It was far from a replay of the recall of Democratic Gov. Gray Davis in 2003. Then Democrats and Republicans were evenly divided, 39-38%. A vast 83% rated the state’s economy negatively. And just 27% approved of Davis’ work as governor, half of Newsom’s approval now.
For his part, President Joe Biden – who campaigned with Newsom on Monday — had a 56% approval rating in these preliminary results. Biden won the state in 2020 with 63% support; in this election, 55% of voters said they voted for him a year ago, 32% for former President Donald Trump.
Just 34% expressed a favorable opinion of Newsom’s leading challenger, Republican Larry Elder, while 50% saw him unfavorably. That made Elder less of a draw than Arnold Schwarzenegger, who held a 50-45% favorable-unfavorable rating when he unseated Davis 18 years ago.
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Indeed, while Elder was bidding to become California’s first Black governor, 81% of Black voters (a slim 7% of the electorate) cast their ballots to retain Newsom.
A far larger group in the state, Hispanic/Latino voters, made up a quarter of the turnout in preliminary exit poll results. That compares with 31% in the 2020 presidential election, but surpasses this group’s share of the electorate in previous midterms in data since 1994 and in the 2003 recall contest alike. Fifty-eight percent of Latinos voted to retain Newsom — including 62% of Latina women, declining to a closer 53-47% retain/remove vote among Latino men.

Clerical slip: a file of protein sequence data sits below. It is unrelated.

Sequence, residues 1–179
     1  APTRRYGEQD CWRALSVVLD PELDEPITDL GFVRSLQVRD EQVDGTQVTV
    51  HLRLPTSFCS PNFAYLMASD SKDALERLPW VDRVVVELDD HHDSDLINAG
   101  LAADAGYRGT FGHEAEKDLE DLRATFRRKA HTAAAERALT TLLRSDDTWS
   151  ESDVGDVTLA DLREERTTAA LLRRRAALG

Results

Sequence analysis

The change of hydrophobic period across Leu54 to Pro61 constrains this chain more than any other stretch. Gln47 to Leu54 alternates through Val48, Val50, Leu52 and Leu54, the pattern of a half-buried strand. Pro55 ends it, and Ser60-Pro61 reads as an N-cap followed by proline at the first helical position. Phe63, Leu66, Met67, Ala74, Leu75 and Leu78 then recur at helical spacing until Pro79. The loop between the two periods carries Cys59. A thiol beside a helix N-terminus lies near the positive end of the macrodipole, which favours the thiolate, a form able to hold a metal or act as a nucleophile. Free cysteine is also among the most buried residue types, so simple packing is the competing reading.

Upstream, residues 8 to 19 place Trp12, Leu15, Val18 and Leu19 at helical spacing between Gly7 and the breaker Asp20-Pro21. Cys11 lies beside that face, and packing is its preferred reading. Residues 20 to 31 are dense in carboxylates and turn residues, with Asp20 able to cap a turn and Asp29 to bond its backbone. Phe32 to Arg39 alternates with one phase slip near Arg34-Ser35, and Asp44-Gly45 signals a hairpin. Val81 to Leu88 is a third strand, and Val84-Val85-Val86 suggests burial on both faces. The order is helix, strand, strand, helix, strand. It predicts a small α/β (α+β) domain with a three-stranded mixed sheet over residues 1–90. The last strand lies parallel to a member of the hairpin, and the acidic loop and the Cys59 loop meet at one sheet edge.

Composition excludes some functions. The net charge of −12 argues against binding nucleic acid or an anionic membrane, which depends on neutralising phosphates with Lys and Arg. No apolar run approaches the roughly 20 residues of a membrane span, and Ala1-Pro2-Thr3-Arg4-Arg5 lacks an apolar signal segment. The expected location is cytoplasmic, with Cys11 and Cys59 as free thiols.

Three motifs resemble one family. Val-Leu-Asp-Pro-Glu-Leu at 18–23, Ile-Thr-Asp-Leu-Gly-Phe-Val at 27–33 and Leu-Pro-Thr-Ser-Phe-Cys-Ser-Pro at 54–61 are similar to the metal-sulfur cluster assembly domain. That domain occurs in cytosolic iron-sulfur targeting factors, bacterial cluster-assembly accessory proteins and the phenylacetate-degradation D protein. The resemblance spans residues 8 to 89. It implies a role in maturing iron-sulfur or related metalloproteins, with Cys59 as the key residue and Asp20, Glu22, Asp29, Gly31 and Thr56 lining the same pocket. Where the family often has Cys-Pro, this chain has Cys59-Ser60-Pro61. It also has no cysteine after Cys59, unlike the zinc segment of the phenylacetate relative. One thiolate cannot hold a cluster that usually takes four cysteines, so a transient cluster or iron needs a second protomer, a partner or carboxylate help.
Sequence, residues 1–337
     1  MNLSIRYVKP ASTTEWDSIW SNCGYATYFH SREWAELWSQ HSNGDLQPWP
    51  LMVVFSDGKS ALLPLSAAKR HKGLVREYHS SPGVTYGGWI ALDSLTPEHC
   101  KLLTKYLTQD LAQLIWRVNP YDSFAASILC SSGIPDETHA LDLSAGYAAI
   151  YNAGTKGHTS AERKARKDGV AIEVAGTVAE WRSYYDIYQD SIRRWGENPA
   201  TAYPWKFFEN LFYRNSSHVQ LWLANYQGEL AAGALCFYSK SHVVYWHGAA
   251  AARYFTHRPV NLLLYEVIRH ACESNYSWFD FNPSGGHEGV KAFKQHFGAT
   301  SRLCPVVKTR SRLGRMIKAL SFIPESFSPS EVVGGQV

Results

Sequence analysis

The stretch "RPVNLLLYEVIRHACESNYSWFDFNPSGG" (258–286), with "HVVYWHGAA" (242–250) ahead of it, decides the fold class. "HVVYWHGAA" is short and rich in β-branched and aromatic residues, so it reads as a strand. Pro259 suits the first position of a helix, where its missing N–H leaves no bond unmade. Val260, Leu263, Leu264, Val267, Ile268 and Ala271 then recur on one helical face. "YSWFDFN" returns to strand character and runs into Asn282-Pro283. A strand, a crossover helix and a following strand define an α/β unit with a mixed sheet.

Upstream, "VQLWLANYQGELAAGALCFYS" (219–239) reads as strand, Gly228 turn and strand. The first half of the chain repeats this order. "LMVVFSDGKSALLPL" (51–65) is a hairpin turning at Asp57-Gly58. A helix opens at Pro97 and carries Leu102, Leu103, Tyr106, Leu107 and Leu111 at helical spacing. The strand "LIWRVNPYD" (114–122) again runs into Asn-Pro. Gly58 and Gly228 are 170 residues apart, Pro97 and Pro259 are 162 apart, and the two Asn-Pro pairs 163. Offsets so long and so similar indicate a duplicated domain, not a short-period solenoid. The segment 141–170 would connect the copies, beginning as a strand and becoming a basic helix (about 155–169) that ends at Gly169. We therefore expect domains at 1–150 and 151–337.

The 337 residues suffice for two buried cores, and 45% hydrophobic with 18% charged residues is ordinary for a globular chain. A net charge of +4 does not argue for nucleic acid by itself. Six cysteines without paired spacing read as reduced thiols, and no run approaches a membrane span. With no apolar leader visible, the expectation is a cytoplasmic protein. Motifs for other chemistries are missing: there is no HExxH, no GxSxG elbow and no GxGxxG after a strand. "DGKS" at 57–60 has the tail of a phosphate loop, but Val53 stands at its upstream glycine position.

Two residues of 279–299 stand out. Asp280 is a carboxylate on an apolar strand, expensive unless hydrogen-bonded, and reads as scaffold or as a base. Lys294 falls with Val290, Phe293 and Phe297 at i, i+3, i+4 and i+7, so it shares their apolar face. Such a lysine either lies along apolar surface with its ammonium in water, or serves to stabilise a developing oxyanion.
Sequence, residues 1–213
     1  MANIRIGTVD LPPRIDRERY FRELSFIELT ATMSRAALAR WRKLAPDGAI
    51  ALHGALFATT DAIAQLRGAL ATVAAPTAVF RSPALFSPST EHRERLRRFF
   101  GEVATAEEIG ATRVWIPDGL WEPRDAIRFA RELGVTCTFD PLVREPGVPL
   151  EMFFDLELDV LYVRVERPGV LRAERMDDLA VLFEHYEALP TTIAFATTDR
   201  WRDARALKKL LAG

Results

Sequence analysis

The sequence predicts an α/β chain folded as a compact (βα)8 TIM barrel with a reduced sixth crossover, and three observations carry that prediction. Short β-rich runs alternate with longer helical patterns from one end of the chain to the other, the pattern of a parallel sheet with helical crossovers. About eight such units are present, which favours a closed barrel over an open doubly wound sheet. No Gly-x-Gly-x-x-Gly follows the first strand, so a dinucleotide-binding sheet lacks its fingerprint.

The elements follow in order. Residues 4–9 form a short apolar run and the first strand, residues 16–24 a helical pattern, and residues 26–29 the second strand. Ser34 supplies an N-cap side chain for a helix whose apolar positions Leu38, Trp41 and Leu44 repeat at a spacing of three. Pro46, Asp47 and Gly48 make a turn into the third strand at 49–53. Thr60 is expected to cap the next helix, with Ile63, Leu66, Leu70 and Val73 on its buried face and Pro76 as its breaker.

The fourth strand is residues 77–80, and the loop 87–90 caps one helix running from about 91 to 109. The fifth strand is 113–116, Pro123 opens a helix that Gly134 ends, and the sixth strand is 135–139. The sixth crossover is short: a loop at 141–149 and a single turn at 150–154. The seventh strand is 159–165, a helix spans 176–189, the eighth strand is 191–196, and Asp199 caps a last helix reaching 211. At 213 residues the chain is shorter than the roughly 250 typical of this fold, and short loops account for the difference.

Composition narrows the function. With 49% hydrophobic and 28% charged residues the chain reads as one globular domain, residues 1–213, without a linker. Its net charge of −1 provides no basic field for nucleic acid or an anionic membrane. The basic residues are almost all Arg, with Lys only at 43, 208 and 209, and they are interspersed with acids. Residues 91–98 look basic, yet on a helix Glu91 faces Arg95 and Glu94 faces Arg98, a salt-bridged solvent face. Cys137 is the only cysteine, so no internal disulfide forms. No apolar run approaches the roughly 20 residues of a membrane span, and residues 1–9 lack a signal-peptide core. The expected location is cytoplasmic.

His weakest group was non-college educated white voters; per the preliminary exit poll data, 57% in this group voted to recall him.
Regionally, the exit poll data indicated support for Newsom peaking in the Bay Area and Los Angeles County, together home to 4 in 10 voters, while voters in extensive inland California voted by a 10-point margin to remove him.
The recall election exit poll was conducted with a mix of telephone, email to web and text-based interviews with early and absentee voters and in-person interviews with Election Day voters at a sample of polling places. Results are preliminary pending weighting adjustments.
Rich Pedroncelli/APGerri Kanelos inspects a ballot for damage before they are sent to be tabulated at the Sacramento County Registrar of Voters Office in Sacramento, Calif., Tuesday, Sept. 14, 2021.
As noted, 31% in preliminary data cited the pandemic as the most important issue among five offered, compared with homelessness, 22%; the economy, 17%; wildfires, 14%; and crime, 8%.
On an additional issue not included in the top-issue list, 60% called climate change a very serious problem for the state and 19% call it somewhat serious. Just 17% didn’t think it’s serious.
Eighty percent of voters in these preliminary results cast their ballot in advance of the election day, mostly by mail rather than at a drop-off location. Majorities in the preliminary exit poll results report voting by mail across partisan lines — 85% of Democrats, 73% of independents and 61% of Republicans.
If follows that late campaigning can’t have made much of a difference: Eighty-seven percent of voters say they made their choice more than two weeks ago; indeed, 7 in 10 say they decided before August.